Finite element modeling of the filament winding process

Liyang Zhao, Susan C. Mantell, David Cohen, Reed McPeak

Research output: Contribution to journalArticlepeer-review

48 Scopus citations


A finite element model of the wet filament winding process was developed. In particular, a general purpose software for finite element analysis was used to calculate the fiber volume fraction under different process conditions. Several unique user defined subroutines were developed to modify the commercial code for this specific application, and the numerical result was compared with experimental data for validation. In order to predict the radial distribution of the fiber volume fraction within a wet wound cylinder, three unique user defined subroutines were incorporated into the commercial finite element code: a fiber consolidation/compaction model, a thermochemical model of the resin and a resin mixing model. The fiber consolidation model describes the influence of the external radial compaction pressure of a new layer as it is wound onto the surface of existing layers. The thermochemical model includes both the cure kinetics and viscosity of the resin. This model analyzes the composite properties and tracks the viscosity of the resin, which is a function of the degree of cure of the resin. The resin mixing model describes the mixing of "old" and "new" resin as plies are compacted. Validations were made by comparing image analysis data of fiber volume fraction in each ply for filament wound cylinders with the FEM results. The good agreement of these comparisons demonstrated that the FEM approach has can predict fiber volume fraction over a range of winding conditions. This approach, then, is an invaluable tool for predicting the effects of winding parameters on cylinder structural quality.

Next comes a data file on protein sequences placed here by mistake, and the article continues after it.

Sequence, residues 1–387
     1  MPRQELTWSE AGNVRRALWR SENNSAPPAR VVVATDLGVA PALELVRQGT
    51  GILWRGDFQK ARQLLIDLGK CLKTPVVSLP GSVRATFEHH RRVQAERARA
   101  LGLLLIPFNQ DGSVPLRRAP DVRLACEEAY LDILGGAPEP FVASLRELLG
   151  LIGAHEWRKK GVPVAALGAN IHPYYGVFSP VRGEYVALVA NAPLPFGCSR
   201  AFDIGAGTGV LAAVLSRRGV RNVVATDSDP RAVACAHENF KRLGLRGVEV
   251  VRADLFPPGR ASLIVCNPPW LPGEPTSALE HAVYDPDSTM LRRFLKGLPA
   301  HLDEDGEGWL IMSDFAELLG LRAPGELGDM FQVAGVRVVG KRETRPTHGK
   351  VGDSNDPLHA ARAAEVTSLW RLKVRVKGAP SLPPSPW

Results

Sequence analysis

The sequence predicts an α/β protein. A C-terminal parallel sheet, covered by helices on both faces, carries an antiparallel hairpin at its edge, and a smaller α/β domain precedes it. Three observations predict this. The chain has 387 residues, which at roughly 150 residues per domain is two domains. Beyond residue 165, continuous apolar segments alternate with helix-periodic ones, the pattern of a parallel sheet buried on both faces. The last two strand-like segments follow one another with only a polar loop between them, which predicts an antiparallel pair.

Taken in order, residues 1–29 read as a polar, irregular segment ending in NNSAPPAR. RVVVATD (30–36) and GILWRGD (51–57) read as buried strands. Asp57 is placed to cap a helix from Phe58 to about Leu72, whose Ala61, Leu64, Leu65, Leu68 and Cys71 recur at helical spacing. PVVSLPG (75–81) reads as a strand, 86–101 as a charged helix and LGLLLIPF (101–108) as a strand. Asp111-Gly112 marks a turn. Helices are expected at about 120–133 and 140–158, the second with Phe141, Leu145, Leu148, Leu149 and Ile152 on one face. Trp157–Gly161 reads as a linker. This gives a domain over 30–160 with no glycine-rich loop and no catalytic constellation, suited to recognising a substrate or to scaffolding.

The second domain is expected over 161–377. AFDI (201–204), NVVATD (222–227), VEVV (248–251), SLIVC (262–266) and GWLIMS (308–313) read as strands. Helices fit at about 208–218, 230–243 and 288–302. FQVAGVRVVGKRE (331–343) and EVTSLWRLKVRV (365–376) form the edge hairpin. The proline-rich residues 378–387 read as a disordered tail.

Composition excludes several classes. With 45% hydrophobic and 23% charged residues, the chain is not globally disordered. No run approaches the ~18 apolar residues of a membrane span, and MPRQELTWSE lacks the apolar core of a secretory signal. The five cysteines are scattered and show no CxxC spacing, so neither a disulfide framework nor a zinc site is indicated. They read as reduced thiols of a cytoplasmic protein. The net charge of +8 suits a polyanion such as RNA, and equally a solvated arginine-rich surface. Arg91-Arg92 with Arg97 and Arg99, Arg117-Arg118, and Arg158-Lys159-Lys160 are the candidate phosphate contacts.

Original languageEnglish (US)
Pages (from-to)499-510
Number of pages12
JournalComposite Structures
Issue number3-4
StatePublished - May 2001

Bibliographical note

Funding Information:
This research was supported by grants from Alliant Techsystems and the University of Minnesota Supercomputer Institute.


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